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Insurance Coverage for Dog Bite Claims

dog-bite-homeowners-insurnace-claim-chicago-illinois When aggressive dogs bite adults or pets, your homeowners' insurance company may decide not to renew your policy or charge you more money.

But, unfortunately, there is no way of knowing how any individual company will react until after the dog's bitten somebody who now is seeking financial compensation to pay for their damages.

Are you the victim of a severe dog attack? At Rosenfeld Injury Lawyers, LLC, our personal injury attorneys are legal advocates for dog accident victims harmed by another's negligence.

Call a Chicago dog bite lawyer at (888) 424-5757 (toll-free phone number) or use the contact form today for legal advice and schedule a free consultation. All confidential or sensitive information you share with our legal team remains private through an attorney-client relationship.

Dog Bites: A Serious and Expensive Problem

Every year, over 4.5 million Americans are bitten by dogs and of those who seek medical attention, half require hospitalization. Though many pet owners think their homeowner's insurance will cover the damages incurred during a dog bite incident, this is not always the case.

The best way to know what your policy does and does not cover is to read your homeowners' insurance policy carefully before you need it most!

By getting Dog Bite Insurance, you'll know that even if your dog is determined to have attacked someone else, you won't lose everything in case of a lawsuit or go bankrupt, paying out-of-pocket costs.

This type of insurance covers any injury caused by your dog regardless of its breed or history with previous attacks. In addition, you'll never have to worry about being sued again by maintaining a homeowners' policy!

Dog Bite Statistics

According to the Insurance Information Institute (III), there were ten fatal dog attacks in 2010. Here are some additional statistics from the Centers for Disease Control and Prevention (CDC):

  • In 2018, about 31% of fatal dog attack victims were less than ten years old
  • In 2018, 39% of all bite injuries treated in emergency rooms involved children
  • In 2019-2020, dogs killed 85 U.S. citizens, including 14 children under age 10
  • In 2020, dogs attacked at least 31 law enforcement officers in the United States

Dog Bite Liability Laws

All 50 states have dog bite laws that can be used to hold all parties responsible for their pet's behavior accountable. These "strict liability" rules can include canine owners, landlords, and even animal shelters that adopt dangerous dogs.

Dog Bite Laws in Your State

  • Alabama: Liability for damages caused by a dog bite can be placed on any person who "owns or harbors the dog" if it is proven that they knew their pet was vicious beforehand.
  • Alaska: Canine owners are strictly liable if their dog bites a person who was not trespassing and, in a location, where they had the right.
  • Arizona: If a dog owner knows that their animal is dangerous and bites someone, they will be required to compensate the injured party for all damages, including medical bills, lost wages, pain, suffering, and mental anguish.
  • Arkansas: If a person who suffers dog bites files a lawsuit against the animal's owners, the owner must pay all medical bills as well as an extra penalty of $100 or 50% of the total judgment if it goes to court.
  • California: All dogs that have bitten someone in the past are required to be tagged with warning labels. If the animal inflicts serious wounds on another, its owner will be fully financially liable for all medical costs and damages.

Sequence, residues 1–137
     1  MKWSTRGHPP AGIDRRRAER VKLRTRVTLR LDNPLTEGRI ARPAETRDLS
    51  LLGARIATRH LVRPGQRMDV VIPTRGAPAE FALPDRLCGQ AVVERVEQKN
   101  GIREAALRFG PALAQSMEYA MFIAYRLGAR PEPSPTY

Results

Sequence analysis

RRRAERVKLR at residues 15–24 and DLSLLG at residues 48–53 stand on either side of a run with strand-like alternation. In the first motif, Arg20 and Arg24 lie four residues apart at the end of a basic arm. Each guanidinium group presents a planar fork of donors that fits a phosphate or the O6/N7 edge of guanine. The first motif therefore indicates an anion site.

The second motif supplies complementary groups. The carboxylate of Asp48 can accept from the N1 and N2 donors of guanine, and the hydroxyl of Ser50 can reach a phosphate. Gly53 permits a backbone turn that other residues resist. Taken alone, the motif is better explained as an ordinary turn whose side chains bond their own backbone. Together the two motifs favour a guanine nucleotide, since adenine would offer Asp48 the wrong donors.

• Colorado: A dog's owner can be held accountable if they knew that their canine was considered aggressive or had bitten another party before the attack occurred. Legal penalties may include compensation for the victim's out-of-pocket expenses as well as a fine of up to $100 per day until the pet is vaccinated against rabies.
  • Delaware: Canine owners are responsible for any personal injury brought about by a bite, whether it has been provoked beforehand. They must also compensate victims who have been knocked unconscious from their injuries and those who require hospitalization.
  • District of Columbia: If a dog attacks another individual while in public space, the owner will be liable for medical costs and emotional restitution.
  • Florida: Canine owners must pay any court fees that result from an injury their pet causes to another party, even if it hasn't been provoked beforehand. They can also face criminal charges depending on how severe the victim's injuries are.
  • Georgia: If a dog bites someone without provocation, its owners will be held financially responsible for all damages and injuries sustained by the attack victim under strict liability laws.
  • Hawaii: If a canine is deemed dangerous or potentially dangerous, then its owner has to keep it confined in an enclosed area at all times. If this rule is violated and the dog bites another person, they will be held accountable for any resulting injury costs.
  • Idaho: Dog owners are liable for damages caused by their pet to another person, whether it has bitten them in the past. They can also be guilty of a misdemeanor if their dog attacks a law enforcement agent, postal worker, television news reporter, or minor child at least five years old.
  • Illinois: If a pet owner's canine injures someone while off its leash and away from public spaces, they will have to pay restitution for both medical expenses related to the bite as well as an extra penalty fee of $500 for "pain and suffering."
  • Indiana: Dog owners must compensate victims who sustain injuries due to a bite, whether provoked beforehand.
  • Iowa: Vicious dogs must be confined in a way that minimizes the risk that they will inflict injuries to other individuals. If an attack occurs, dog owners must cover medical expenses, and criminal penalties can be imposed if there is proof that they knew their canine was dangerous ahead of time.
  • Kansas: Canine owners who know their animal is prone to biting others but don't act may face a misdemeanor offense in addition to a fine of up to $2,500.